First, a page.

BROADCHURCH – new 8x 60’ ITV series. Mondays 9pm
What I liked so much about BROADCHURCH episode one was that it was very conventional subject-matter – a story we’ve seen many times before – but at the same time absolutely gripping. It reminded me that good drama doesn’t have to re-invent the wheel – it just has to do what it does simply and well. In fact Broadchurch was deceptively simple. The joy of the dialogue was that you barely noticed it – but I can bet a huge amount of work and very many drafts went into making it feel that effortless.
In some ways there was barely a scene that didn’t remind you of a scene you’d watched in another TV crime drama – but the scenes in Broadchurch were just better. The story-telling was economical but telling. For instance, the hooks for the next episode were set up in a series of visual scenes – the London news reporter slipping the dead boy’s teddy bear into her handbag; the 11 year old friend of the victim wiping all messages from his dead friend from his mobile phone and computer; and the haunting CCTV shot of the boy rolling down the night-time street on his skateboard.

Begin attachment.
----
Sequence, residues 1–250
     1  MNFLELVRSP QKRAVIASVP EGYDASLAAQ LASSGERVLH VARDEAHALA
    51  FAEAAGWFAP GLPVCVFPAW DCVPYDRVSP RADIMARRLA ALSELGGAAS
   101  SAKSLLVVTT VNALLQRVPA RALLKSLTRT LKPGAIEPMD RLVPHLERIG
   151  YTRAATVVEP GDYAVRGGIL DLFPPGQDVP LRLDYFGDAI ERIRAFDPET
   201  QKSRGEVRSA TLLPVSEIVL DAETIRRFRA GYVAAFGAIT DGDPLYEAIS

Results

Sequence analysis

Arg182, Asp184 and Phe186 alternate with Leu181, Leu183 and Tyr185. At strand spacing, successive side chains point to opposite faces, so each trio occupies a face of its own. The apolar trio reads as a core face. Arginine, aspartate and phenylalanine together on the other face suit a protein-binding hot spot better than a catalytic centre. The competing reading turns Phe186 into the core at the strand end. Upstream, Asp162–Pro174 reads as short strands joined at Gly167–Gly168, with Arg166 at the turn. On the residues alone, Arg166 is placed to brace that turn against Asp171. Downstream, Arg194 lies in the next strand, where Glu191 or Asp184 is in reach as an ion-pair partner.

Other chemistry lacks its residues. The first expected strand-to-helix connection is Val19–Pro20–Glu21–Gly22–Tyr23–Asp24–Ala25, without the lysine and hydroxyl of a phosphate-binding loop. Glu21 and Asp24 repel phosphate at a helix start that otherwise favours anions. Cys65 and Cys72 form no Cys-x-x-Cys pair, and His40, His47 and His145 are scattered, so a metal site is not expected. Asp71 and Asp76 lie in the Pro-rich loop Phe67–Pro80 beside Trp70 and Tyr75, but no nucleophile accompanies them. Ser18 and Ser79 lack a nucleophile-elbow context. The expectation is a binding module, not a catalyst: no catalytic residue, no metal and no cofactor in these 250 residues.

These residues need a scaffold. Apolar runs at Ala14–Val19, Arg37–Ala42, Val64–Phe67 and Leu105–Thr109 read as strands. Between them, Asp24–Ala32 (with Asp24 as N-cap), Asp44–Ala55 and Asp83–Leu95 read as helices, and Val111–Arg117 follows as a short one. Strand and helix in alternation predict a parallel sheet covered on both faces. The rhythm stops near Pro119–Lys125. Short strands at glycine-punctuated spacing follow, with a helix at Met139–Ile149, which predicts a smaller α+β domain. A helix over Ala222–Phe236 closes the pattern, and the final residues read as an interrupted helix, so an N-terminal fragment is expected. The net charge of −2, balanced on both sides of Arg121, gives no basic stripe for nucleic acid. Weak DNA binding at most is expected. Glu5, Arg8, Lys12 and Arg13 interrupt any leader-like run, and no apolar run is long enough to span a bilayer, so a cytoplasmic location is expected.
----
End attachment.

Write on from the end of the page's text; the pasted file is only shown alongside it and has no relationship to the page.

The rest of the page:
It was so nice to see a police show where the police were emotionally engaged with the crime – kind of obvious but so few crime shows achieve this.
The writing was supported so well by the direction, the performances and the editing. The opening juxtaposed shots so intriguingly; and Olivia Coleman can do no wrong in my eyes – she is so engaging, and watchable. And the setting was completely integral to the story.
Weirdly, it was competing with a BBC1 drama that covered pretty much the same story – and very similar setting – MAYDAY. Not bad – but not a patch on BROADCHURCH.
A few weeks ago I made reference to the phenomenon of writer’s anxiety over their ideas being stolen and how it really isn’t productive to worry about this, backed up by some wisdom from a UK screenwriters linked-in discussion.